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As a complete outsider to medical sciences, biology, chemistry, etc, I was being curious about the usual prescriptions, when taking antibiotics, of spacing the pills by 8 hours, which at least in my personal experience is quite standard. Now, without getting too technical, I guess this has something to do with how the concentration (in blood?) of some molecules evolve in time, C(t), and the "8 hours rule" (or any other similar rule) is based on when this function reaches a certain threshold or something of the like. Is that so? Now well, I was wondering how different can this C(t) function be for different persons for a given substance? Let's say a physician prescribes taking amoxicillin to treat an ordinary infection. If we take a population of N persons, and call C1(t),C2(t),...,CN(t) to the corresponding concentrations of the substance of interest in time, how different can these curves expected to be? I guess the "8 hours" type of rule is a sort of average, but what about deviations from this average? And on what other factors can these curves depend (assuming reasonable healthy individuals, nothing extreme)? Are there detailed statistics for this?

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In professional terms, you're asking about pharmacokinetics - what fate does a drug have once administered and how fast does it get there.

Yes, for some drugs, the goal is to keep a roughly steady concentration of the drug. For example, if you were taking a medication to regulate high blood pressure, you'd want it acting fairly constantly all the time, otherwise you'd have spikes in blood pressure when the drug wears off.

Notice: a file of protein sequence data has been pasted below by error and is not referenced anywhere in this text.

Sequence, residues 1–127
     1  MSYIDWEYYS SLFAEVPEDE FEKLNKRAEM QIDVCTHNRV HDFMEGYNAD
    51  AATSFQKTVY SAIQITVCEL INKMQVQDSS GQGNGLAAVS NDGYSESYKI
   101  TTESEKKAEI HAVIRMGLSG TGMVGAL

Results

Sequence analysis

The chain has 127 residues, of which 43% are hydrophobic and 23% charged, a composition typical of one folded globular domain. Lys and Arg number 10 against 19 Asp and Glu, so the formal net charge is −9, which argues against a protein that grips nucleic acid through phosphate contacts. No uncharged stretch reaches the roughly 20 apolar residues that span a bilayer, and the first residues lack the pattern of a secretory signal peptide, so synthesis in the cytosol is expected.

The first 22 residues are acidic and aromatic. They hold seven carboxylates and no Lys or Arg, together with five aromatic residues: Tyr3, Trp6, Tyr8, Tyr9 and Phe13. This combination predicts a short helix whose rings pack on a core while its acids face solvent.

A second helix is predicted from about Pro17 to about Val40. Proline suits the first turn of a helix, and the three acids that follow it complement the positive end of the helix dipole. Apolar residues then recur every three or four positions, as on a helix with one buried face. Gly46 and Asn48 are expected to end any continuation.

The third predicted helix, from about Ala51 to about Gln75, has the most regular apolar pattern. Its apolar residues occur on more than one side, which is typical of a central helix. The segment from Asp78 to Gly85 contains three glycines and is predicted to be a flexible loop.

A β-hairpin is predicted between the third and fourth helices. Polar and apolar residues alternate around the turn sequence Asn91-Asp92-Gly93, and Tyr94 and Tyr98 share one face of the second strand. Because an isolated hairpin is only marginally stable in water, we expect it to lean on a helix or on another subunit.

For an antibiotic, that's not necessarily the case. You're trying to kill bacteria, and it may not matter much if you reduce the bacterial population by the same amount after 24 hours whether that's because all the activity happened in the first hour or if it happened gradually. You also don't necessarily need the drug to be in the blood: for example, if you are treating a urinary tract infection, you might only care about the drug concentration in the urinary tract. However, there are other limits like side effects that you want to limit that might be worse if the serum concentration is too high, and you might get diminishing returns if the drug is administered all at once versus over a long time.

For amoxicillin itself, I found this paper:

Arancibia, A., Guttmann, J., Gonzalez, G., & Gonzalez, C. (1980). Absorption and disposition kinetics of amoxicillin in normal human subjects. Antimicrobial agents and chemotherapy, 17(2), 199-202.

among several others. For this paper, they gave 500 mg amoxicillin to 9 healthy humans.

Intravenous amoxicillin has bi-exponential kinetics - that is, the concentration is well-described by the sum of two exponential decay functions. You can measure the parameters for this equation by sampling the serum concentration of the drug over time and then look at variance in the population.

Since it's a bi-exponential, there are two different "half-lifes", alpha and beta. Arancibia measured the beta half life as mean = 3.40 hours, standard deviation = 1.88; alpha half life as mean = 0.27 hours, standard deviation = 0.15 hours. So yes, there's quite a bit of variability among subjects.

Another measurement is the AUC, "area under the curve". If you imagine the drug concentration plotted as a function of time, this is literally the area under that curve, which provides a nice summary of how much drug is available and for how long. The mean AUC was 37.0, standard deviation 9.7 (units are in mg/liter/hour). So there's a ballpark of ~25% variability in how much drug is "around and available" among the population.

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